The Gettysvburg Battlefield is known worldwide. On the third weekend in August our reenacting grup, The Liberty-Greys takes on the task of presnting a living history. For a reenactor it is a dream come true.
The national park service allows the group to stay overnight on the field, to actually sleep in the most haunted place in the world.
We set up tents on Friday and sent into town for dinner. My husband and I ate at The Farnsworth House, a period mansion used by Confederate sharpshooters then for a field hospital. It is a lovely place and the food excellent, especially the game pie and bread pudding.
Saturday we spent the day talking to tourists. Its interesting when a person from Germany or France asks for a reason why we fought the War. Not something for a five minute speech.
The soldiers acted as soldiers did in camp, cleaning rifles, drilling, playing cards or just taking a nap.
There was music provided by Miss Liz. She played period songs and sang softly so she didn’t disturb any of the speakers. It was a lovely background for both days.
I talked about women’s roles during the Conflict, especially women in the South. It was a wonderful weekend despite the few rainshowers and needing to dry our tent anfter we arrived home.
The sad part is leaving all my friends. It takes a few minutes to drop the tent, a couple hours more to pack and load everything into the vehicles. The memories stay forever. My good friend took these pictures and gave me permission to post them. The sepia tone adds a golden glow to this sad time.
I can’t describe the feelings during this re-enactment. Excitement at the beginning of the five year cycle, sadness at the terrible losses suffered during the Conflict and the echoes of longing for a time lost in the fog of destruction and recovery.
We’ve come so far as a nation. I hope the lessons learned by the participants help all of us.
Next week we’ll be leaving for the first battle of the 150th Civil War reenactments. First Manassass or First Bull Run depending on which side you favor, is mid-July outside of Washington D.C. The 145th ran over 110 degrees on the field of battle and I’m hoping this time will be cooler.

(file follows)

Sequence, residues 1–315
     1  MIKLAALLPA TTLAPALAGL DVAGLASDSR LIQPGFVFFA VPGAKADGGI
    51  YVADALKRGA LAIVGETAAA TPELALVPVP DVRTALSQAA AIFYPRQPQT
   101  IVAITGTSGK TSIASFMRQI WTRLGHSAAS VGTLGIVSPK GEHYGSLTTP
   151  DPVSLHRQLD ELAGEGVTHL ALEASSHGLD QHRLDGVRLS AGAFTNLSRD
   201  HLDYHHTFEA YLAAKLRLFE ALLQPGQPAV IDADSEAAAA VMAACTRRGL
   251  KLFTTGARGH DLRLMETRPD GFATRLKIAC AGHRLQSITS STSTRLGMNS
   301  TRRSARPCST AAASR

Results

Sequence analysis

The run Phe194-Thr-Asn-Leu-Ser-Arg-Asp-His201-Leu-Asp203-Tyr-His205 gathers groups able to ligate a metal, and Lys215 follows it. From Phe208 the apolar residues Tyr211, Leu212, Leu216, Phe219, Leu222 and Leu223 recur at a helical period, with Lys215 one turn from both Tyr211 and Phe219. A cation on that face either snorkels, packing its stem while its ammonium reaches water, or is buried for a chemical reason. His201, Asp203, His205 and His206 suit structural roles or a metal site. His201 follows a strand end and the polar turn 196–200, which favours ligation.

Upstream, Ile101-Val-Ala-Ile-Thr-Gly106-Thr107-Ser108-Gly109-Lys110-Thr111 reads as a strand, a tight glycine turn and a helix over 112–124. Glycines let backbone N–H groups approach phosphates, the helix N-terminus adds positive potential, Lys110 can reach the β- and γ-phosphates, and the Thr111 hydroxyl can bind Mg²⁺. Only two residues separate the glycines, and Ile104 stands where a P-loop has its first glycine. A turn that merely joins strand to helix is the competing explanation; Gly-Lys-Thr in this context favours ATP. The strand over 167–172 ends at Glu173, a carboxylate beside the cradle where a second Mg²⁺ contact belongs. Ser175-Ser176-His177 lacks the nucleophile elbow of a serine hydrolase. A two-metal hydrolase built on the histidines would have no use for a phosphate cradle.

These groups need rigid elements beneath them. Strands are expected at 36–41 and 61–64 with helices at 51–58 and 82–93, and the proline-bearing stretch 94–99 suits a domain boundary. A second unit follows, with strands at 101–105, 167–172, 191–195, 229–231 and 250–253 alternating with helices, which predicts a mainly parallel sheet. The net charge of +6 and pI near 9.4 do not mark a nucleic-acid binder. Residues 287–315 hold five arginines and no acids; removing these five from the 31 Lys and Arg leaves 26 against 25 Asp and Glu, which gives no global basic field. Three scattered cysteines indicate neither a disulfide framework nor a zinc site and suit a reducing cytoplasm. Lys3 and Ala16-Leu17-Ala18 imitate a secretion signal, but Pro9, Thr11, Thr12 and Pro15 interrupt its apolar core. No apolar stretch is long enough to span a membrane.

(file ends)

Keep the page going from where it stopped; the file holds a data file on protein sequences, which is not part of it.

I’m packing my authentic trunk with the dresses, petticoats, stockings and shoes I need to wear to be a participant. My parasol is ready to shade me from the sun.
Am I crazy? Yes, but you have to be to sleep in a canvas tent, with wool blankets, on the ground and cook over an open fire.
Reenacting is the most fun in the world. No radio, no televison, no PHONES or modern newspapers make it a trip away ffrom the problems of this time.
I have met the most wonderful people. History buffs who can talk over every detail of the impending battle. Those who honor their forebearers by portraying the event as honestly and authentically as humanly possible. The ladies who love to sew their clothes and parade the grounds stopping for pictures from the tourists.
I’m going to be with medical for this battle. My husband portrays a civilian doctor caught in the fever of war. He and his comrades follow the troops into battle, attending the wounded. This isn’t all pretend. They check the soldiers who have fallen for real injuries and help them if needed.
A huge crowd is expected. Like the original battle, they’ll watch and picnic and be amazed at the events. What a tribute to both sides. I plan to post regularly about the battle.
I’ve been working on a contemporary romance about reenacting and ‘War is Heck’ is currently under consideration by The Wild Rose Press. Keep your fingers crossed for me.